Extending the Life of Aging Java-based Embedded Devices

Fixing the 32-Bit Problem with GraalVM

6 minutes

19th of August, 2023

This article was originally published in Thinkers & Makers, a magazine from Akkodis featuring the smartest minds and innovative projects that are driving the future of technology and engineering.

The steady increase in computing power is, strangely enough, one of the dilemmas of the electronics industry. More power means better and more capable products, but the advent of the latest generation of hardware also means pressure to replace installed “last generation” products. That translates into a shorter lifetime for the installed base. Just look at consumer electronics – mobile phones die young.

The industry’s ability to develop new devices with ever more advanced features creates strong customer demand, reducing product lifetime significantly. But while the increase in computing power is an industry driver in consumer electronics, other industries are struggling to keep up.

In other sectors devices are expected to have a much longer lifetime. In the rail industry, equipment and infrastructure can be in service for 30 years or longer. It’s just too expensive to replace the systems with newer versions every five years or so. Instead, system operators are looking for ways to extend the lifetime of the installed hardware and still enable new functionality.

This is where Akkodis comes in.

8/16/32/64: The Evolution of Microchips

It’s all about numbers. The evolution of microchips is counted in bits, from 8 to 16 to 32 to 64, corresponding to internal data representation and address-space, as well as overall performance.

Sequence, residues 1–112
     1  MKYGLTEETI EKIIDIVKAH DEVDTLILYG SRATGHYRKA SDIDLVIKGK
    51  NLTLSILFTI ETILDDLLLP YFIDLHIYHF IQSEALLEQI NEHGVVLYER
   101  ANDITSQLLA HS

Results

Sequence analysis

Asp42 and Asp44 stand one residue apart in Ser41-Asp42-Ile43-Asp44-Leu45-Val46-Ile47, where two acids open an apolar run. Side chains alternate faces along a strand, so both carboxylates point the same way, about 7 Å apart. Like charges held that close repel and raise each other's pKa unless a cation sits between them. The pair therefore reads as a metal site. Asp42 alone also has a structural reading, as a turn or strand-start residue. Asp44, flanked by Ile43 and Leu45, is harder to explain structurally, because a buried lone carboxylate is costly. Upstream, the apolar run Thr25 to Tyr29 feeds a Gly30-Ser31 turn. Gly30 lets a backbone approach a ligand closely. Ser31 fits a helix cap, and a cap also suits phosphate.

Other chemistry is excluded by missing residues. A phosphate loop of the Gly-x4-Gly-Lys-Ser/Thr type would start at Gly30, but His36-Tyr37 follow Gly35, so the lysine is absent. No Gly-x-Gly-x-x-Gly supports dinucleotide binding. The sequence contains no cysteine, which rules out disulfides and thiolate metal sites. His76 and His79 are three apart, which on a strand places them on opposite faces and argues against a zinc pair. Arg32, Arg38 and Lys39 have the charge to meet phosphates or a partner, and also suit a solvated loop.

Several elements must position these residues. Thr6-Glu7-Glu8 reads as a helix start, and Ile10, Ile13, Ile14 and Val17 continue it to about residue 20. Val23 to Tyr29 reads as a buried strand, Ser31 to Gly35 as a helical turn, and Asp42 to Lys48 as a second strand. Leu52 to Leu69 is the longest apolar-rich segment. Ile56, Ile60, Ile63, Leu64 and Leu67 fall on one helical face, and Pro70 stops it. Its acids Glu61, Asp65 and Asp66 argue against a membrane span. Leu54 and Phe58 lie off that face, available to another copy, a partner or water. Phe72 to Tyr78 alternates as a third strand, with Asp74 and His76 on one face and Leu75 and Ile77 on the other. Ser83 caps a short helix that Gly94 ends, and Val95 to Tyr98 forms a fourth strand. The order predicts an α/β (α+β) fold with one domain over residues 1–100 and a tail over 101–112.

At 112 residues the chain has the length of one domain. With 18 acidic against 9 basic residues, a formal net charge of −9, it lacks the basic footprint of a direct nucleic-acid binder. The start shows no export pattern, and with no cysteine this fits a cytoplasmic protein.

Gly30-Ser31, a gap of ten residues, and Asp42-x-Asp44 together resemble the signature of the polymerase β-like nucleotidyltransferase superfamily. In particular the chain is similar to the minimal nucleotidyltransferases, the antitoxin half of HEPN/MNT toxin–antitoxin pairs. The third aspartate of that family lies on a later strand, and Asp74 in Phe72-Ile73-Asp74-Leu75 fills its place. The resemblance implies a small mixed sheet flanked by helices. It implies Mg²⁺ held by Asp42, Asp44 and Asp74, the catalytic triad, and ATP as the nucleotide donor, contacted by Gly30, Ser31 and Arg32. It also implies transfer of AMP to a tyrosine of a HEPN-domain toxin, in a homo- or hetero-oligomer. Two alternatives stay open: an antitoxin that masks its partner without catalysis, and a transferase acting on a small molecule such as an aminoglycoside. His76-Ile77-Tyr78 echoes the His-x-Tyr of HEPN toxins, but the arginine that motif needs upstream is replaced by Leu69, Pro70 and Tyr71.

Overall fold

As computers become more complicated, the size of their memory increases and with it the number of bits used to address it. From the 1990s onwards a 32-bit CPU architecture was dominant. But around 2005 the evolution of laptops, servers and mobile phones demanded a move to 64-bit CPUs.

However, while the world has moved to 64-bit, many industrial devices born in the 32-bit era remain in service. To continue to function, hopefully for a long time to come, they require maintenance and security updates, maybe even new features. This is becoming increasingly difficult in a 64-bit world.

How can you fix the 32-bit problem?

A New Lease on Life with GraalVM

Akkodis offers an answer to that question.

Akkodis’ Virtual Machine Technologies Lead in Germany, Bruno Caballero, and his team have developed a way to turbocharge older 32-bit devices, giving them a new lease on life. They offer Java developers a new way to update these devices and even build new features for them without additional memory or computing power. Developers can now use the newest Java versions, instead of having to work with older Java versions rooted in the 32-bit era.

The solution builds on Akkodis’ extensive Java expertise and its work with the Graal Virtual Machine, which was initially developed by Oracle to be used on servers. Akkodis has tweaked GraalVM to fit the embedded space as well, curing many of the well-known headaches caused by traditional Java virtual machines in that domain. Now Caballero and his team have extended it even further to support 32-bit powered devices.